How Austin kids get creative

Nothing re-charges the brain like art. This week my son is in the Creative Action Spring Break Camp, and he’s so pumped he’s like a new child.

Creative Action is loading him up with music, theater, film-making and collaboration. Every day he comes home so much more talkative and curious about the world. My son is a good student — great grades, great behavior, all of that. But he seems more energized after eight hours of camp than he does after seven hours of school.

This is not a slite to his teacher. She is building the foundation for his education. But his experiencing the arts seems to add so much more.

There are other organizations like Creative Action, but it’s the biggest. Because of that, it serves more than 16,000 kids across Central Texas, most of them Hispanic.

Hispanic kids benefit the most from nonprofits like Creative Action because in Austin most of them would not otherwise have these experiences. (My son is Hispanic, too.) Austin Hispanic children tend to be the same children who qualify for reduced lunch and other government-assistance programs. That means their families struggle to make ends meet; arts classes might seem a luxury.

Which is why these nonprofits are so important. Studies show that when a child is engaged in the arts, they are more likely to stay in school, get better grades and behave better. They’re also more likely to have the creativity and problem-solving skills that employers require.

Here are a few other nonprofits that bring arts to Austin kids. Reach out to them and learn how you can help.

Creative Action

The mission of Creative Action is to spark and support the academic, social and emotional development of young people. Through interactive classroom performances, after school arts residencies and community-based programs, Creative Action’s team of professional Teaching Artists inspire youth to be creative artists, courageous allies, critical thinkers, and confident leaders in their community.


Latinitas enables young Latinas to achieve personal and academic success through media and technology outreach, thereby addressing the critical state of Latina girls today. While Latina girls ages 12 to 17 are the largest group of minority girls in the country, they are more likely than their non-Hispanic peers to face the four most serious threats to achieving success: depression, pregnancy, substance abuse and becoming a high school drop out. The solution lies in empowering these young Latinas, strengthening their confidence and expanding their opportunities. With a variety of enriching experiences, Latinitas discover their voice and develop media skills while building a solid foundation for their future.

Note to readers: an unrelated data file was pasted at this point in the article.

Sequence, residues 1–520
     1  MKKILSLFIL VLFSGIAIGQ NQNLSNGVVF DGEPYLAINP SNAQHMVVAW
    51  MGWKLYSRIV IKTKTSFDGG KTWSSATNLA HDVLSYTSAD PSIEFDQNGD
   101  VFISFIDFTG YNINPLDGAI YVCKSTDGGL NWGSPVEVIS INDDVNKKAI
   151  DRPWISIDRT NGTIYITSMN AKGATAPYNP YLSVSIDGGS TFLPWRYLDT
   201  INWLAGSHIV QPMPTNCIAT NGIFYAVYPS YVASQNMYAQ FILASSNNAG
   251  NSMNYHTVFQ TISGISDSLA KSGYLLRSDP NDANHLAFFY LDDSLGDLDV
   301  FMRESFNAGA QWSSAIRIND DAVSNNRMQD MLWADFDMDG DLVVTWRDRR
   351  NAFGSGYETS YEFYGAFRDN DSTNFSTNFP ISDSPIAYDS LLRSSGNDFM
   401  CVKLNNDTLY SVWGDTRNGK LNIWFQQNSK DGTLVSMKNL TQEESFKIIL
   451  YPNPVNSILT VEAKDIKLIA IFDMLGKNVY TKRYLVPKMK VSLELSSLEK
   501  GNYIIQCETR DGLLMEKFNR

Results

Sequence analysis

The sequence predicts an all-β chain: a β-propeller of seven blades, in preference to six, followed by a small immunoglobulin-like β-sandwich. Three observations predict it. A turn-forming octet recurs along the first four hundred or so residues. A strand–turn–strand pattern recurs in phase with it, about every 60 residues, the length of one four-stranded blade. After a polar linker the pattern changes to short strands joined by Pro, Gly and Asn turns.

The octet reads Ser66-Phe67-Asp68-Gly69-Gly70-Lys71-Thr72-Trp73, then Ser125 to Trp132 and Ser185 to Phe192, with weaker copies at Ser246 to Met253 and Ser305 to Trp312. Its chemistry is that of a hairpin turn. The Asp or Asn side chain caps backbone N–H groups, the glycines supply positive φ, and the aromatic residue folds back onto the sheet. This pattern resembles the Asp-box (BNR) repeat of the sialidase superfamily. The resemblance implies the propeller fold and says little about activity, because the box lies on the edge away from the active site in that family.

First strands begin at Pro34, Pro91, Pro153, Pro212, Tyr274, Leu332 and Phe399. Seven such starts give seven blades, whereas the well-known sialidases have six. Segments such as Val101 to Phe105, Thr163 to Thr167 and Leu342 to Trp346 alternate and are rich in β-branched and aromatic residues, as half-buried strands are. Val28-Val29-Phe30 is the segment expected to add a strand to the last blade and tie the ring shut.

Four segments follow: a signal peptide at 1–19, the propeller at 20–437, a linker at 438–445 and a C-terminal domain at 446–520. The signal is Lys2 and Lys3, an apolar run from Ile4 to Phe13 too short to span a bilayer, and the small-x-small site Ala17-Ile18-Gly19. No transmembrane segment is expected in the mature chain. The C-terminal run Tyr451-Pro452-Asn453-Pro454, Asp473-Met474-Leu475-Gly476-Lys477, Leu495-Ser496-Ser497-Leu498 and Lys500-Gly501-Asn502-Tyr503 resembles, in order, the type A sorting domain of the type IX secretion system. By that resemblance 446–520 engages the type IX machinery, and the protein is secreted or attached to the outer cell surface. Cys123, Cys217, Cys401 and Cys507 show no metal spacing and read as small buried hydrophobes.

Anthropos Art

Works primarily in the East Austin community to bring top professional musicians into low-income middle and high schools to offer free music lessons, workshops, master classes, and performance opportunities to economically disadvantaged youth. In a district with an average graduation rate of about 60 percent, students in the Anthropos program have maintained near 100 percent graduation rate with approximately 80 percent of those students continuing on to college, most of on full or partial scholarships.

The Cipher

The Cipher – Austin’s Hip Hop Project is on a mission to build a community of young leaders and engaged hip hop artists and to strengthen the East Austin community in multiple ways. The creative expression and public performances encouraged through “The Cipher” create a group of confident and engaged young people. They leave our program empowered, authentic and connected to the Austin music and poetry community. The program provides these young people with positive learning experiences through which they gain new skills and competencies, build self-esteem, improve academic performance and expand possibilities for their futures.

Each of these organizations treat their volunteers and donors right. Contact them to get involved.


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